Understanding Your Diagnosis
Diagnostic Procedures for Cancer: Overview
Detailed information on the most common diagnostic procedures for cancer
Uterine Sarcoma: Tests After Diagnosis
After a diagnosis of uterine sarcoma, you will likely have other tests. These tests help your healthcare providers learn more about the cancer. They can help show if the cancer has grown into nearby areas or spread to other parts of your body.
- Uterine Sarcoma: Diagnosis
If your healthcare provider thinks you might have uterine cancer, you will need certain exams and tests. Diagnosis starts with your healthcare provider asking you questions. You may also have a Pap test, ultrasound, biopsy and other tests.
An endometrial biopsy is a procedure to take a small tissue sample from the lining of the uterus, called the endometrium.
Dilation and Curettage (D and C)
A dilation and curettage procedure, also called a D and C, is a surgical procedure in which the cervix is dilated so that the cervical canal and uterine lining can be scraped with a spoon-shaped instrument to remove abnormal tissues.
A pelvic ultrasound is a scan that looks at the organs and structures in your pelvic area. Ultrasound uses a device called a transducer to send out sound waves that are too high to be heard. The transducer sends the sound waves through your skin and other body tissues to the organs and structures within. The sound waves bounce off the organs like an echo and return to the transducer. The transducer picks up the reflected waves. These are changed into a picture of the organs.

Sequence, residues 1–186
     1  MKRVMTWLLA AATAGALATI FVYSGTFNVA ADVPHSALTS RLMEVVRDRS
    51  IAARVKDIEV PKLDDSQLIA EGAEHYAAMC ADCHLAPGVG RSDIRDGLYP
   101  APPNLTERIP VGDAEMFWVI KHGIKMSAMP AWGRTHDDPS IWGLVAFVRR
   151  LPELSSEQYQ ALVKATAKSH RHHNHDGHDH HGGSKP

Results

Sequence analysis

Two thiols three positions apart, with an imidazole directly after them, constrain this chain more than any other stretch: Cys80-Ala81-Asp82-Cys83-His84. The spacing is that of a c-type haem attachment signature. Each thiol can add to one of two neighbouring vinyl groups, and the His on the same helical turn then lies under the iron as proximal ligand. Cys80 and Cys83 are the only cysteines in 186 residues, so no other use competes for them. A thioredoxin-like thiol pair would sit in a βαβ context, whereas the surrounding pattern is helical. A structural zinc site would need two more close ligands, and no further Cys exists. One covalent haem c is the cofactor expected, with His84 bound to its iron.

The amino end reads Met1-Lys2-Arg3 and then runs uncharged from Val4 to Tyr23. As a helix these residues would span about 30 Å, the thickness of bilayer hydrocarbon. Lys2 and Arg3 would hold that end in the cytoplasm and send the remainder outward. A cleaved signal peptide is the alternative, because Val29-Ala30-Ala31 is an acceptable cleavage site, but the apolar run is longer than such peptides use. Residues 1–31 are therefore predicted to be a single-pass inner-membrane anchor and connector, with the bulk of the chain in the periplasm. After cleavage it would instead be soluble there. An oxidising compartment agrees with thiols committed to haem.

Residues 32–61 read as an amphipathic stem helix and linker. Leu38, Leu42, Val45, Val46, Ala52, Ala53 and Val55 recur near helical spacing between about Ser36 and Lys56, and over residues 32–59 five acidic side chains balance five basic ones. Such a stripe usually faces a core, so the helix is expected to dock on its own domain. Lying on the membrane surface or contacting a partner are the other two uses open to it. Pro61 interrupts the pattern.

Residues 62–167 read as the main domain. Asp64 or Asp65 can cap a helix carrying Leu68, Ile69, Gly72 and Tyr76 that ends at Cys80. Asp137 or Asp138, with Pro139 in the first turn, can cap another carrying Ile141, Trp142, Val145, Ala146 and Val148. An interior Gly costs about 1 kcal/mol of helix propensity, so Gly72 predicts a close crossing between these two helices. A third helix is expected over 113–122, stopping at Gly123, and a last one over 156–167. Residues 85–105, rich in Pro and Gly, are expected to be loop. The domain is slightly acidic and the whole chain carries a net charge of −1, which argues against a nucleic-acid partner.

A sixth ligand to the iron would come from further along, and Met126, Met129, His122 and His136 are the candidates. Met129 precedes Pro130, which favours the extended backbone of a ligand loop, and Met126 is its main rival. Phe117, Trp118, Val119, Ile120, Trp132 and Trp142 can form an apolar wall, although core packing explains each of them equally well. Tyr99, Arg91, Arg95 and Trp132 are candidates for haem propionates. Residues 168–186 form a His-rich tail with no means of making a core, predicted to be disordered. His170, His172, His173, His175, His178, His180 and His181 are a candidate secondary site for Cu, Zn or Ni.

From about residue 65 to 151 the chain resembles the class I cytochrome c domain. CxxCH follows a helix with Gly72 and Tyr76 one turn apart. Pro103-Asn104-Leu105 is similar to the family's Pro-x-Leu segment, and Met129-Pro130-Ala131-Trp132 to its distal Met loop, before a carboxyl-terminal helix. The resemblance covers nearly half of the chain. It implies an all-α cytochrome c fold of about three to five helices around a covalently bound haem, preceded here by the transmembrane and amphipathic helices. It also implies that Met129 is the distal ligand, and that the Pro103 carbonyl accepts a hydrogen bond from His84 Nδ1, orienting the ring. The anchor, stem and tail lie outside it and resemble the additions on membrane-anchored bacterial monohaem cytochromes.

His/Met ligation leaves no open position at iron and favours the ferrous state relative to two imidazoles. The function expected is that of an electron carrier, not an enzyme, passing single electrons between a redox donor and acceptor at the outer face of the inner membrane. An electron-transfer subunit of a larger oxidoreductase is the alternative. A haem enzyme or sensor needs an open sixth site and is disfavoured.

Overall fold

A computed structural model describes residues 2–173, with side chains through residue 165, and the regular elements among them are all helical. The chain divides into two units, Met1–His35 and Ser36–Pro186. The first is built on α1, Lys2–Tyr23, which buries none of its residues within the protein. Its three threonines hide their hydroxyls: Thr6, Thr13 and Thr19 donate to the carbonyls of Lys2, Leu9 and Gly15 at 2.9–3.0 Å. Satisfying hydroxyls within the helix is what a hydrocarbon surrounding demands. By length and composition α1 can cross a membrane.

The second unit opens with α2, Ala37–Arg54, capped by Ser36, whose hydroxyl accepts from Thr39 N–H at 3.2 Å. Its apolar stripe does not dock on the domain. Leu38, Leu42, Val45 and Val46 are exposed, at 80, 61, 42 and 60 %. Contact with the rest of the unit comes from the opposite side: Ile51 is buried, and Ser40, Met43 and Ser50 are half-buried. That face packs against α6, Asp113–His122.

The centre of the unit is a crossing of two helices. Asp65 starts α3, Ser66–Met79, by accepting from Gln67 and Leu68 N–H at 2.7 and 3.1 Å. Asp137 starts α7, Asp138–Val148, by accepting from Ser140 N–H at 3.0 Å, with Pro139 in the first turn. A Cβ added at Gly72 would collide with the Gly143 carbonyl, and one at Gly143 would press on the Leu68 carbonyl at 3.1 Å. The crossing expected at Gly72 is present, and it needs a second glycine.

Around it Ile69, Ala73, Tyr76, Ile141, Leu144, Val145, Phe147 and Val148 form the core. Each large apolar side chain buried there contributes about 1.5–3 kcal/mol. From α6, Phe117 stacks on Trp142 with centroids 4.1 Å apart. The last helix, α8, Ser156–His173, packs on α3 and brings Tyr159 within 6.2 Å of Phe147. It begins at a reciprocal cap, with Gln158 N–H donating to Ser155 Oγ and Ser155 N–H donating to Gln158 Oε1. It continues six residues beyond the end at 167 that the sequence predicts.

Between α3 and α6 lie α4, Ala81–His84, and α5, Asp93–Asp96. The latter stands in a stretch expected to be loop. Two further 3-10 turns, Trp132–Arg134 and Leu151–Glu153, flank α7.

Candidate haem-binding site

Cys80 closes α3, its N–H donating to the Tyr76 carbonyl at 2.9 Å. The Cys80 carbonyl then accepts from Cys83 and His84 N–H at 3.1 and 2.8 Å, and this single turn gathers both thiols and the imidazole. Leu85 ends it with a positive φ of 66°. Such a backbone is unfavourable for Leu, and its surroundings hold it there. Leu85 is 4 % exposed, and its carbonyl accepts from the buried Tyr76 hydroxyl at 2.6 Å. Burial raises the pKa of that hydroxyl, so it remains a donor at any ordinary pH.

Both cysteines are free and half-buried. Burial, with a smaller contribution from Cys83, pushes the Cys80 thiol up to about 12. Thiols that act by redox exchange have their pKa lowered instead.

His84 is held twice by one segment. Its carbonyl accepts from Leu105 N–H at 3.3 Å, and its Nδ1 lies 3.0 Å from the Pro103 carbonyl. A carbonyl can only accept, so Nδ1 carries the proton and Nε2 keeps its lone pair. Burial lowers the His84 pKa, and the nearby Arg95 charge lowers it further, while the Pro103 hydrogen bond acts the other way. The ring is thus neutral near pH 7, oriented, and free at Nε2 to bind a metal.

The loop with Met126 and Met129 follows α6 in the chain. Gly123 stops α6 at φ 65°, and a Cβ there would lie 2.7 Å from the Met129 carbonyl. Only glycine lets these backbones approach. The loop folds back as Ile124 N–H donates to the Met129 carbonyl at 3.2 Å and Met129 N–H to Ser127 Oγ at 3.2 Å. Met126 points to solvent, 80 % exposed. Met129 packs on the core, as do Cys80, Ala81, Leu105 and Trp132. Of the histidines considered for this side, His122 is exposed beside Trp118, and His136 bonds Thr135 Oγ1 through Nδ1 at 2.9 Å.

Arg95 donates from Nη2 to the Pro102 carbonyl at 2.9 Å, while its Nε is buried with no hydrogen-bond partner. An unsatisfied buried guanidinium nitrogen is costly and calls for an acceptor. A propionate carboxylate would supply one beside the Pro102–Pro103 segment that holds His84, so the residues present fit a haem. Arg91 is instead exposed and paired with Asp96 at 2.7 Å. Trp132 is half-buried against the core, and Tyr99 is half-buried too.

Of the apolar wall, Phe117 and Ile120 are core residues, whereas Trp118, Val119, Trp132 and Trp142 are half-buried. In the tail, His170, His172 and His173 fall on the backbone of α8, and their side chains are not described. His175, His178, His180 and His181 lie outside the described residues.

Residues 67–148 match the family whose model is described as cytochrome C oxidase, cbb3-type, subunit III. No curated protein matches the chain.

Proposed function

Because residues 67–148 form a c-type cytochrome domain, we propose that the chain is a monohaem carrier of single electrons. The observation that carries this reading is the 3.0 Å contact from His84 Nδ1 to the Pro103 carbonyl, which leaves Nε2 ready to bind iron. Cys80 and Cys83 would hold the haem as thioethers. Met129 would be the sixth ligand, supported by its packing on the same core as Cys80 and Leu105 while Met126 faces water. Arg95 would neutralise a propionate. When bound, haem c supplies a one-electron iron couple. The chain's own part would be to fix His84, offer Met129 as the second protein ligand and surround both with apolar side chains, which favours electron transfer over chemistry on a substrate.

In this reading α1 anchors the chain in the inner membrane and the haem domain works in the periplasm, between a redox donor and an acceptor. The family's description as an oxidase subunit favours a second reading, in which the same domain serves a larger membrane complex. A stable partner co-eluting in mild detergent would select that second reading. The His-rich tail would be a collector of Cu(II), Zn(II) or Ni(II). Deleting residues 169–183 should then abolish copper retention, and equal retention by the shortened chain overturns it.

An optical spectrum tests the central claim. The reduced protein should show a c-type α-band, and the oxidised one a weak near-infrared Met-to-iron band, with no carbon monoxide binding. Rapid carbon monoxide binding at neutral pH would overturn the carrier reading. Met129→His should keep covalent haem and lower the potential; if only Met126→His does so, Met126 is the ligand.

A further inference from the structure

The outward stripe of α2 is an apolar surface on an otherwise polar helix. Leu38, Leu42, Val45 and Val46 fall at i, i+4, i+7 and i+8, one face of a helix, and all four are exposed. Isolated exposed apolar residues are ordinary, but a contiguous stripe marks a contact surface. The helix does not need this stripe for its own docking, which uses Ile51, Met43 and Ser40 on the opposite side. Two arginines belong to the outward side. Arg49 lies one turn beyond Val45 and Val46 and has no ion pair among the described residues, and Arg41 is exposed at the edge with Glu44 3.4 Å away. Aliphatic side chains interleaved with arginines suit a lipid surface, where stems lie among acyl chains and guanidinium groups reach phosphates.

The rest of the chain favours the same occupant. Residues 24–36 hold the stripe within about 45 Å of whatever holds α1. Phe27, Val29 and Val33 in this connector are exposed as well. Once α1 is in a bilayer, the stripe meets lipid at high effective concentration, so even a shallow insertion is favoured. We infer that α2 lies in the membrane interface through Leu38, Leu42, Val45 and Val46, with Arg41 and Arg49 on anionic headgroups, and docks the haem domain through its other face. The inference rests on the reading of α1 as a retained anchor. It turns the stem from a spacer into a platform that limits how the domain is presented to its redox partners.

Hysteroscopy is the exam of the inside of the cervix and uterus using a thin, lighted, flexible tube called a hysteroscope. Your healthcare provider inserts the device through the vagina.
- Uterine Sarcoma: Newly Diagnosed
Being told you have uterine sarcoma can be scary, and you may have many questions. But you have people on your healthcare team to help. They can help you cope with fear learn about treatment options and get the support you need.
Grading and Staging of Cancer
Grading and staging cancer helps determine the best treatment.
- Uterine Sarcoma: Grades and Stages
Once your healthcare provider knows you have cancer, the next step is to find out the grade and stage of the cancer Staging and grading of cancer is important for deciding how to treat it, and how curable it is.
Uterine Sarcoma: Your Chances for Recovery (Prognosis)
Prognosis is the word your healthcare team may use to describe your chances of recovering from cancer. Or it may mean your likely outcome from cancer and cancer treatment. A prognosis is a calculated guess. It’s a question many people have when they learn they have cancer.